Past Reviews

Regional Reviews: Minneapolis/St. Paul

The Two Kids That Blow Shit Up
Mu Performing Arts
Review by Arthur Dorman | Season Schedule

Also see Arty's reviews of The Taming and The River


Sun Mee Chomet and Sherwin Resurreccion
Photo by Rich Ryan
The Two Kids That Blow Shit Up is among the more provocative titles hanging over Twin Cities playhouses this season. Is it a tale of juvenile terrorists? What kind of, um, stuff do they demolish? Adding to the intrigue, playwright Carla Ching describes her play as a romantic comedy. As I see it, Two Kids is a comedy, of the touchingly human variety. And it is romantic, as in the search for elusive happiness through connection with another person. But romantic comedy? Not as the genre is usually understood.

Two Kids is a bruising, mightily felt, sharply scripted and beautifully acted story of two people who, though their lives have been intertwined for almost 30 years, have yet to figure out what they mean to one another. As for terrorism, what these two kids blow up, repeatedly, are their chances of being happy. Two Kids, being given a short run by Mu Performing Arts, is the best, most complete work yet to appear in this new theater season.

The play has just two characters, Diana and Max. They meet as nine year olds in New York City when Diana's father and Max's mother send the kids out to play while they embark on an affair. The adulterers are still married to their children's other parent, making Diana and Max fellow conspirators, or at least secret-keepers. This is part of what bonds the kids, in spite of their different temperaments. Max is a nerd, fascinated by chemical formulas that cause explosions (giving literal meaning to the play's title in one scene). He hold things within, while Diana expresses herself filter-free, a tough cookie with street smarts and a creative bent that finds outlet in the arts.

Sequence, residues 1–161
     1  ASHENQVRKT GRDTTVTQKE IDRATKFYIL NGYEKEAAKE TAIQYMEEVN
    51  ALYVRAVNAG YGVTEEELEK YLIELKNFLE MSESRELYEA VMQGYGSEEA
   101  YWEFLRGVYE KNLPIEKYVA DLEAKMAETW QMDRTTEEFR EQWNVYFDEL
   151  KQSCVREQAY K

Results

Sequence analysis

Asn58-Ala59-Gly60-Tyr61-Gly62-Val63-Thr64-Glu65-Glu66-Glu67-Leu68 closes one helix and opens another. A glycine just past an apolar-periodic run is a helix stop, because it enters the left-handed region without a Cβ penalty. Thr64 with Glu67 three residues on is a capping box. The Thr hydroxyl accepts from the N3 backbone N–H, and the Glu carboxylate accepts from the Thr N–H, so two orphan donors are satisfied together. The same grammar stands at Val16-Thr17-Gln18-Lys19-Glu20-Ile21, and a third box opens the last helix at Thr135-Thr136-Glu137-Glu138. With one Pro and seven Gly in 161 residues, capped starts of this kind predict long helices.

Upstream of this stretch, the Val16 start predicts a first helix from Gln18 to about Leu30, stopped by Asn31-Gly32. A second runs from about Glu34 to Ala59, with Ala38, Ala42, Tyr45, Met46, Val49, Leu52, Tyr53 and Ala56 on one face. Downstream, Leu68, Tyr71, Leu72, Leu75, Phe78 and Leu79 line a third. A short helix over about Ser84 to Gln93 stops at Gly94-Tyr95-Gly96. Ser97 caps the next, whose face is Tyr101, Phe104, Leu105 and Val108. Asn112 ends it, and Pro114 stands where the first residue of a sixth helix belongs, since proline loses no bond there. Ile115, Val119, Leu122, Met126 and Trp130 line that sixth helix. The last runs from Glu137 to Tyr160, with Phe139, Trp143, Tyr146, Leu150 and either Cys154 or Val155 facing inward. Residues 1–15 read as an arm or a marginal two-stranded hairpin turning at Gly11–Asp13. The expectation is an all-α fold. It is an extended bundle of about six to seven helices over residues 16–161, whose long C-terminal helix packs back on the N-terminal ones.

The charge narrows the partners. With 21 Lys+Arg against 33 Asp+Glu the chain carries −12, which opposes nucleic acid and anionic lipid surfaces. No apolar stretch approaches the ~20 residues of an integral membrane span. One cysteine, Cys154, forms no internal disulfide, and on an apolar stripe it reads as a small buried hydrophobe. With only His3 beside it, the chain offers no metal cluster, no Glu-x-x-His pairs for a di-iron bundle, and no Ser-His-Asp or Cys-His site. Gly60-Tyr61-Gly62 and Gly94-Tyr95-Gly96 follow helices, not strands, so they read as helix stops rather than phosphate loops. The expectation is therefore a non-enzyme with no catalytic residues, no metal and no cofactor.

Two Kids, clocking in at just under 100 minutes, is made up of fourteen scenes presented out of chronological order. We first meet Diana and Max as 38 year olds, then at their first meeting as 9 year olds, then a leap to age 24, back to age 15, and so on. Because at the start we see them close to the end of their story (as far as it has been spun), we know where they are heading; but we do not know how they will get there. The scenes are short but pack a punch, as they depict major junctures in Max and Diana's shared history—several weddings, a divorce, a funeral, overseas separation, addiction, and betrayal. At one point they come together as lovers, then separate, but always remain central to one another's lives.

The stage in the Rarig Center's Kilburn Theatre is flanked by the audience along both lengths, and is littered with piles of completely blank large cardboard boxes, giving the impression upon arriving that we are traipsing through a storage locker containing the totality of someone's life. These boxes form the entire set (designed by Sarah Brandner) and serve as tables, chairs, a bar, and whatever other furnishings are needed. Within them are the costumes which Sun Mee Chomet (as Diana) and Sherwin Resurreccion (as Max) unpack after each scene to transform themselves into a different age. The effect works remarkably well, as we watch these two searching souls literally dig through their life's trappings, whether looking back or jumping forward. The costumes, designed by Aaron Chvatal, are pitch perfect. Even as they are put on and removed quickly, they create a complete image of who each character is at this point in time. Along with Akiem Scott's sound design, Sarah Brander's lighting design, and Merritt Rodriguez' properties design, the entire physical production is high caliber.